The reasons for homelessness are as varied as the people involved. No two stories of how people get to rock bottom are the same, but according to the Coalition of the Homeless, 70% of the homeless population in New York City are family units, and 40% of individuals are children.

On top of the homeless epidemic that has been sweeping the nation in recent years, 1 in 7 people in America experience hunger on a regular basis. For some children the free lunch they receive at school is their only meal of the day. In one of the wealthiest cities in one of the wealthiest countries in the world, to have millions of homeless and starving children is unacceptable.

Free food is no small thing to the millions of New Yorkers who are struggling to survive, so providing meals is absolutely a preventative method against homelessness. Too many people in this City are having to decide between putting food on their tables or paying for the roof over their heads.

A study in 2016 by the Association for Neighborhood & Housing Development showed that Woodside/Sunnyside is one of most at risk neighborhoods in Queens. Many households there lack enough savings to sustain them in case of sudden job loss, medical issues, or an emergency. As recently as this past winter, several homeless were reported to have died on the streets in Woodside. This is a human rights issue. No one—regardless of how they got there—deserves to die on the streets, or suffer from hunger and malnutrition.

There are many causes and reasons for homelessness I share in my comprehensive novel on homelessness, Our Invisible Neighbors. I interviewed elected officials, and share personal stories of homelessness, including an account from a formerly homeless lady in Middle Village, and offer solutions for homelessness, domestic violence, and poverty. Through Community Board 5 Queens and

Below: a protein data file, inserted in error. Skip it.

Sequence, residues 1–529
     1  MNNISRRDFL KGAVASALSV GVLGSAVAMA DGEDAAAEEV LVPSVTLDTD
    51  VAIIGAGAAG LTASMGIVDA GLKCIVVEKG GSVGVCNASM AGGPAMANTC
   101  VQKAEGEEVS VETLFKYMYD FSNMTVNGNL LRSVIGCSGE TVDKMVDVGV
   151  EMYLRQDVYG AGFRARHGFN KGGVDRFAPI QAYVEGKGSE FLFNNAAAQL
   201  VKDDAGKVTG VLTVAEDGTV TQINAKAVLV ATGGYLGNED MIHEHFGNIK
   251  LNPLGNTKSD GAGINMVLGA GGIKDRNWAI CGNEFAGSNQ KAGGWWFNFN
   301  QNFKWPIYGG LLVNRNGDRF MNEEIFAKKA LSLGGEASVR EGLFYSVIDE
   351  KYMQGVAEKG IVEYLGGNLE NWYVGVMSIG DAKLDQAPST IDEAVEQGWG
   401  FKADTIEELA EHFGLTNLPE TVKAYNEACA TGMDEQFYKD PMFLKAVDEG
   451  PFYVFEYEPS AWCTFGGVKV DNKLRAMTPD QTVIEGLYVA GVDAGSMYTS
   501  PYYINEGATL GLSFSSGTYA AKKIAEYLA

the media, enough donations were given to get one elderly woman back on her feet. The community rallied together beautifully to better the life of one struggling neighbor. Every single one of us has the power to make a difference, one person at a time. And when a community works together, lives are changed.

While 50 million Americans are in poverty, 126 billion pounds of good food goes to waste in this country every year. But there is hope. Through my 501c3 nonprofit, Catering for the Homeless, I am working to utilize that food waste and distribute it to the homeless and food insecure. There is literally enough food going to waste in our City that no one needs to go hungry.

So far, my organization has provided over 15,000 meals to the less fortunate throughout NYC, by utilizing food waste from the Jacob C. Javits Center, entertainment studios, some smaller caterers, and Fordham University events through Lincoln Center. I’ve collected 6,000 toiletry items that were donated to the homeless in shelters throughout Queens and Brooklyn in 2017.

My next toiletry drive will be from September 1st through October 15th 2018. For a list of items requested for the toiletry drive or to get involved, please visit my website at or email me at I invite the participation of elected officials, churches, individuals, and the Juniper Park Civic Association.

Good Samaritan laws protect this type of food distribution, and there’s a tax write-off for participants which can be found on my website. I am inviting all restaurants, catering companies, schools, or any organization with food waste, as well as churches and other homeless nonprofits, to open their hearts and take a little extra time to partner with me to get their perfectly good leftovers into the hungry stomach of a child or adult, instead of throwing them away.